Two British athletes born male may be making history soon by competing in women’s events at next month’s Olympic Games at Rio.
The pair are however fearful that they may be ridiculed under the Olympic spotlight and would ‘probably drop back’ if they found themselves in a medal-winning position. However, if selected, the unnamed pair will become the world’s first transgender Olympians at Rio.
Their inclusion in team Great Britain will be hailed as a remarkable human rights victory – but it will also ignite controversy, with critics arguing that male-to-female competitors have an unfair biological advantage in terms of size, muscle mass and lung capacity.
Their gender status is known to the organisations governing their sports but not to rivals from other nations.
Dramatic changes have been made to the International Olympic Committee guidelines and have given hope to transgender athletes across the world.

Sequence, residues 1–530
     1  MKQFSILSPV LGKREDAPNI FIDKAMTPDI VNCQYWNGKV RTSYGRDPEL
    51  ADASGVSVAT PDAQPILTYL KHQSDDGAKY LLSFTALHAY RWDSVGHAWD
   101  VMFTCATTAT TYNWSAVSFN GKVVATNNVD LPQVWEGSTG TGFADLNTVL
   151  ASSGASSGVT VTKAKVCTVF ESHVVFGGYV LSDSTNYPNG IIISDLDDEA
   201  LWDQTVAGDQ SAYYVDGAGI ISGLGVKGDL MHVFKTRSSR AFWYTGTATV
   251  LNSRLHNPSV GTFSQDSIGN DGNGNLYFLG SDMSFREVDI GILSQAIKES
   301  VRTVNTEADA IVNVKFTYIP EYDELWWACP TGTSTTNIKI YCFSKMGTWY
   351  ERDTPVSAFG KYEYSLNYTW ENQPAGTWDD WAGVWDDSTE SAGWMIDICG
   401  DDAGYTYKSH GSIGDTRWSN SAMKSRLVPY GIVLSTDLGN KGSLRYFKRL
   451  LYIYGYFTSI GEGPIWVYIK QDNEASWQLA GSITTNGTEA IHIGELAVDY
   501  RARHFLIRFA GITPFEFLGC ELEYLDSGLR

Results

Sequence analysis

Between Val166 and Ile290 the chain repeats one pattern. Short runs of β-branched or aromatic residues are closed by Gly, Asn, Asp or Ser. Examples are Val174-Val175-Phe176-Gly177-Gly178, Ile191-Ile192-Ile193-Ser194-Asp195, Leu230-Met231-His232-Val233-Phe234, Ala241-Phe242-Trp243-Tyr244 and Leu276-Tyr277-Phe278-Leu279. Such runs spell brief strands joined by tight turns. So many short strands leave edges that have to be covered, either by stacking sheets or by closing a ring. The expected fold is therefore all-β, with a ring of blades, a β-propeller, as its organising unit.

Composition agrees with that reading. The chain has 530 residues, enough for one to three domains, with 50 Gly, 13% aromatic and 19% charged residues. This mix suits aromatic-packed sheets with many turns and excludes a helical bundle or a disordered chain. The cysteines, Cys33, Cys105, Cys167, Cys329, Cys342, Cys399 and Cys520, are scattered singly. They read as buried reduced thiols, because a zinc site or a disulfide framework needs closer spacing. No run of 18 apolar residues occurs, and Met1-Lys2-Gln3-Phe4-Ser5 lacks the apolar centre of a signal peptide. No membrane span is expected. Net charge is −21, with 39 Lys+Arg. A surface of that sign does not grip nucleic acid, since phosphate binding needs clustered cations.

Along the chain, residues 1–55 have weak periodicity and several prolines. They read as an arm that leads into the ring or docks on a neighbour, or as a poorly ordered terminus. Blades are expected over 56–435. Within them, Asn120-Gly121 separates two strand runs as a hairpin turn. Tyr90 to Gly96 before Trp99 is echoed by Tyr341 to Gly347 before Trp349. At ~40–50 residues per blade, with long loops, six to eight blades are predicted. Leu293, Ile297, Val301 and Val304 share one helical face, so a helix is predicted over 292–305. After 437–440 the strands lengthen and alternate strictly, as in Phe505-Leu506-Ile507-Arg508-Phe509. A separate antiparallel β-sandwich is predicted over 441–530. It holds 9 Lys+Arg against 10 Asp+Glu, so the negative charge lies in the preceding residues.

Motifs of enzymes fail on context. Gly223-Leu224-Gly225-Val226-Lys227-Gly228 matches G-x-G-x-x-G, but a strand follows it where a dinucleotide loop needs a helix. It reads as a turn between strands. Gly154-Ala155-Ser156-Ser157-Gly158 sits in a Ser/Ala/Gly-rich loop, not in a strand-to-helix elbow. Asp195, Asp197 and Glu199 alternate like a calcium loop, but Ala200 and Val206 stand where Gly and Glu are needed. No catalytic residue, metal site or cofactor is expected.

The new rules also mean they may be able to take part in the games without having reassignment surgery. Instead, competitors born male need only declare themselves female and demonstrate that their testosterone level has been below a specified point for a year.
However, the two Britons transitioned from men to women some years ago and have since ‘competed in their assigned gender’.